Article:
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Opera
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Symphony
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Choral and Vocal
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Saturday, May 28, 2022
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Thursday, May 19, 2022
Symphony
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by Steve Osborn
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Chamber
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Chamber
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Recital
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Symphony
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Choral and Vocal
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by Pamela Hicks Gailey
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RECITAL REVIEW

Laura Magnani Playing Schubert Sept. 11 at Spring Lake Village

ECLECTIC DRAMATIC PROGRAMING IN SPRING LAKE VILLAGE RECITAL

by Terry McNeill
Wednesday, September 11, 2019

Marin-based pianist Laura Magnani combined piquant remarks to an audience of 100 Sept. 11 with dramatic music making in a recital at Spring Lake Village’s Montgomery Center.

Ms. Magnani’s eclectic programming in past SLV recitals continued, beginning with three sonatas by her Italian compatriot Scarlatti, this evening the C Major (K. 159), D Minor (L. 366) and the A Major (K. 113).
Her comments from the stage juxtaposed harpsichord technique (the instrument the composer used) with the greater key weight and dip of the modern concert grand, and she proceeded to play each with deft use of the damper pedal, in one case holding it down lovingly through a beginning phrase.

Tempos in each were on the fast side and her cross hand and skip techniques made each come alive, with beguiling legato in the wonderful A Major. There were novel interpretative touches in each, and she arpeggiated the last Sonata’s final chord, again with ample pedal.

Dramatic playing continued with Schubert’s Drei Klavierstücke, D. 946, three pieces written in the composer’s last year and that have become rightly popular. Seeming extensions from the Op. 94 Moments Musicaux, the E-Flat Minor and the C Major received readings that favored a vigorous sound over tonal beauty. The exception was the lyrical E-Flat Major, a slow waltz in character that Ms. Magnani played with bass pedal points and themes with sentiment but never sentimentality.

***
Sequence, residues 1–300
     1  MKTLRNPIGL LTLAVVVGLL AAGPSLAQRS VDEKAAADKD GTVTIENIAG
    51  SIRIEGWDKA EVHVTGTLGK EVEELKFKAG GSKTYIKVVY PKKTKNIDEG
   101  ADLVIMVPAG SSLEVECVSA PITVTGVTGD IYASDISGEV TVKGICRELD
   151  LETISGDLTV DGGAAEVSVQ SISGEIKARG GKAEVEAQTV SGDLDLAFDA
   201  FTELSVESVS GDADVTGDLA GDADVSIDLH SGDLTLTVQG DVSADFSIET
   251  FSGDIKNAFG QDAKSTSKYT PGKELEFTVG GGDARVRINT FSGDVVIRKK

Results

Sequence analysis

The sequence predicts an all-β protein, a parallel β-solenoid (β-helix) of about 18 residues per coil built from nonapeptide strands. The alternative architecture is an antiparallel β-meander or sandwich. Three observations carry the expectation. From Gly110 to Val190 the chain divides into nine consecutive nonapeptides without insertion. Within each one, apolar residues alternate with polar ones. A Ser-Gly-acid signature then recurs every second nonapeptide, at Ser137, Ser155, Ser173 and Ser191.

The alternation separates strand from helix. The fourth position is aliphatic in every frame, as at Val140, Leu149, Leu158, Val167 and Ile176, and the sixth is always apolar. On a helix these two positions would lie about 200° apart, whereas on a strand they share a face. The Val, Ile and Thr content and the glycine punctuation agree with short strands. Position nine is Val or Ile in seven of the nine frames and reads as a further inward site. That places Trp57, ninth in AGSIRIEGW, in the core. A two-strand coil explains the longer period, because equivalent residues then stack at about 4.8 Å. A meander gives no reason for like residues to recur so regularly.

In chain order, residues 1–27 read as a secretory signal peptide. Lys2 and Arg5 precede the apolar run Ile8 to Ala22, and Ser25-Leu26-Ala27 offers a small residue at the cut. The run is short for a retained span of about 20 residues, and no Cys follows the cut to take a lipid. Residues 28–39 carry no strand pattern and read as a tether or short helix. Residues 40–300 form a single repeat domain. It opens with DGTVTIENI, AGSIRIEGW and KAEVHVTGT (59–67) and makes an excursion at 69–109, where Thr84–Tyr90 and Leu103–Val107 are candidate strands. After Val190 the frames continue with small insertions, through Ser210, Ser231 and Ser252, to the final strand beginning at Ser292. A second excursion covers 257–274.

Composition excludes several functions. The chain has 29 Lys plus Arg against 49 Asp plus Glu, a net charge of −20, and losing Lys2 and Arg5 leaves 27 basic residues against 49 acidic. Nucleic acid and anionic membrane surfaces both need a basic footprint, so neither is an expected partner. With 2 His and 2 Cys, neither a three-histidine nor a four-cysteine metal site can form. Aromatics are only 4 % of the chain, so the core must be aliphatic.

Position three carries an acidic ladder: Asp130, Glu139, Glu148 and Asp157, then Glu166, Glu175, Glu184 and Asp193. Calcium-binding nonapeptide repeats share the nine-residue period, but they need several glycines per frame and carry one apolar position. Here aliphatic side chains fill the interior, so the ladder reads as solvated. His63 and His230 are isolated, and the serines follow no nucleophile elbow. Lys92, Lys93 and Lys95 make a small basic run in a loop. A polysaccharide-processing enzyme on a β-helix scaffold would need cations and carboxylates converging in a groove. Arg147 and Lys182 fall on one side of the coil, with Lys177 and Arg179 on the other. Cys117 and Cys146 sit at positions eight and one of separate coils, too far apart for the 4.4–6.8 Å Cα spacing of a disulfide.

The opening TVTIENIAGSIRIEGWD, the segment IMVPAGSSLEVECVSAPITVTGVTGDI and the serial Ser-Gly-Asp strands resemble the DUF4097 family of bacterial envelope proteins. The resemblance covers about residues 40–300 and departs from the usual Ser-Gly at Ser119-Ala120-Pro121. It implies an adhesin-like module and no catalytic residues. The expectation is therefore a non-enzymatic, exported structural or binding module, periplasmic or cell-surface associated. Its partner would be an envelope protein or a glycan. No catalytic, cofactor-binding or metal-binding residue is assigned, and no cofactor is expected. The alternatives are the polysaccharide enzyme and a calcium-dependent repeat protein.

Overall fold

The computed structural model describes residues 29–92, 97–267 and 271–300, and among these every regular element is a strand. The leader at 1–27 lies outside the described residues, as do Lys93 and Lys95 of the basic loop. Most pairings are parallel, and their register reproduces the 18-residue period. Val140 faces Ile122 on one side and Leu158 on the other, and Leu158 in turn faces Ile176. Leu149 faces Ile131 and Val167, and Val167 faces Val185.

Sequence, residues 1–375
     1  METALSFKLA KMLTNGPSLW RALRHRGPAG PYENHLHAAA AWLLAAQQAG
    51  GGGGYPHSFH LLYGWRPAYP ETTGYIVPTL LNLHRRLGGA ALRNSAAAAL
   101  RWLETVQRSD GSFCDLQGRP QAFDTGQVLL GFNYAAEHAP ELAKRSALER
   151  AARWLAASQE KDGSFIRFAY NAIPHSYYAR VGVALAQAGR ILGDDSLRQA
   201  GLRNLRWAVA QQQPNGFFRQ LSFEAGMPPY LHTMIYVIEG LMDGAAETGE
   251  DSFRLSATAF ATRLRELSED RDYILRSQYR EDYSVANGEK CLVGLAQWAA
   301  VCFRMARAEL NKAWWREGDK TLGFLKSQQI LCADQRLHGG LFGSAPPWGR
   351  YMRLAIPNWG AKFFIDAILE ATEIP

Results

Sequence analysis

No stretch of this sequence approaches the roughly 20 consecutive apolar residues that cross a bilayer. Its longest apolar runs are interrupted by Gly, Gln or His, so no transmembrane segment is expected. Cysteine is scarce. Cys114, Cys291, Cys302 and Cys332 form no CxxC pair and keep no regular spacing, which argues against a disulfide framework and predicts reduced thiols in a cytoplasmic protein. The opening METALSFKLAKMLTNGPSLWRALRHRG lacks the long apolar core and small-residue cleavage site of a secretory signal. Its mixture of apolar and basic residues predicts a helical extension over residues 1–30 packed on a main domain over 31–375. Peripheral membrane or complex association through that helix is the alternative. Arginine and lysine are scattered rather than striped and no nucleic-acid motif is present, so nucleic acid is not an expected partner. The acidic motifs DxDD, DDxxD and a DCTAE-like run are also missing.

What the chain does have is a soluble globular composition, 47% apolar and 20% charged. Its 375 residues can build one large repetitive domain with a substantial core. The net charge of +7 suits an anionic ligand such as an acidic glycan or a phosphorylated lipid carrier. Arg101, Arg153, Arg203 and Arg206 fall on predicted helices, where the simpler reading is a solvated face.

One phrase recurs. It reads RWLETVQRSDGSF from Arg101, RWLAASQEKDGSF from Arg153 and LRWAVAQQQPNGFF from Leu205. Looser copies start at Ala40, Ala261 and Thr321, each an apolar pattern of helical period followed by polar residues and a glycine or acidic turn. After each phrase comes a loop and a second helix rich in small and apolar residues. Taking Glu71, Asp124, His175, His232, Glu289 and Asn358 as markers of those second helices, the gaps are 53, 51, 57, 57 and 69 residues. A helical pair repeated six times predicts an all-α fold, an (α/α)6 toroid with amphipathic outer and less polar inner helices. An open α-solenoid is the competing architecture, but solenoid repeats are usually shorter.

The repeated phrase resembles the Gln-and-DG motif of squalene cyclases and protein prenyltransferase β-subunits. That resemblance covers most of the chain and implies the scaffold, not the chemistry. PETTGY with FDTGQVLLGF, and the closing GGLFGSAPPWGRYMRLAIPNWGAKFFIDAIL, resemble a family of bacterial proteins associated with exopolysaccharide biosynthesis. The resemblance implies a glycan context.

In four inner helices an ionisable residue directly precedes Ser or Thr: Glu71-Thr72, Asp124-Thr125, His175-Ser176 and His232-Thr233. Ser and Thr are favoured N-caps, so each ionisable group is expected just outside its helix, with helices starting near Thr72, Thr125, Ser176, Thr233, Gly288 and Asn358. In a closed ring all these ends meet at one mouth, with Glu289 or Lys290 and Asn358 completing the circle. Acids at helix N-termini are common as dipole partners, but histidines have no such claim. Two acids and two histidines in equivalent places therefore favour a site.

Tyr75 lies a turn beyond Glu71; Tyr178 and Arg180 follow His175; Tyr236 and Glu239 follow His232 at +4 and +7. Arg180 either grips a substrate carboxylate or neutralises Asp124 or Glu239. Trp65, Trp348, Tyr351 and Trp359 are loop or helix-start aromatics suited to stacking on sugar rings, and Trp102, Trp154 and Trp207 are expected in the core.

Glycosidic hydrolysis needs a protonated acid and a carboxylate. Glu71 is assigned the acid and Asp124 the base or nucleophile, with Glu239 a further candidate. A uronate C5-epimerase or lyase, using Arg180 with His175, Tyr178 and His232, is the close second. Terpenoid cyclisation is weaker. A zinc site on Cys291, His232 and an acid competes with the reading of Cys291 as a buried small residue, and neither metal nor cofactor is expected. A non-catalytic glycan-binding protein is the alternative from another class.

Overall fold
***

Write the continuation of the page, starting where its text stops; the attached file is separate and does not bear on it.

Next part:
Gershwin’s Three Preludes (1934) followed, the allegro ben ritmato e deciso’s craggy rhythms having orchestral playing, the opposite of Ms. Magnani’s “hot house” interpretation of the short andante with jazzy blues qualities. The offbeat dissonances were effective.

The recital ended with Prokofiev’s energetic Second Sonata, Op. 14, and in her verbal introduction the pianist described it as having disturbing neuroticism and novel bi-tonality sections. It has become a specialty piece for Ms. Magnani, and the highlight of this concert. The hall’s bright acoustics and powerful piano produced a big sound, and the pianist was in each of the four movements up to the demands of the work written in 1912.

Muscular sforzando playing was heard in the brilliant scherzo movement, full of ideas and some of the recital’s best playing. The dirge-like andante was intensely played, even atmospheric at places, with the odd sound of “bells” blaring. The vivace had the requisite histrionic mood, a virtuosic perpetual motion tarantella performance that was clearly allied with the composer’s percussive Toccata from the same year as the D Minor Sonata

One could speculate that the often acerbic and demanding Sonata might find a tepid response from SLV residents, but the opposite was true with a standing ovation recognizing the artist’s potent and convincing pianism.

No encore formal was offered, though the pianist later played sections of Chopin’s Fantasie Impromptu for admirers that gathered around the piano.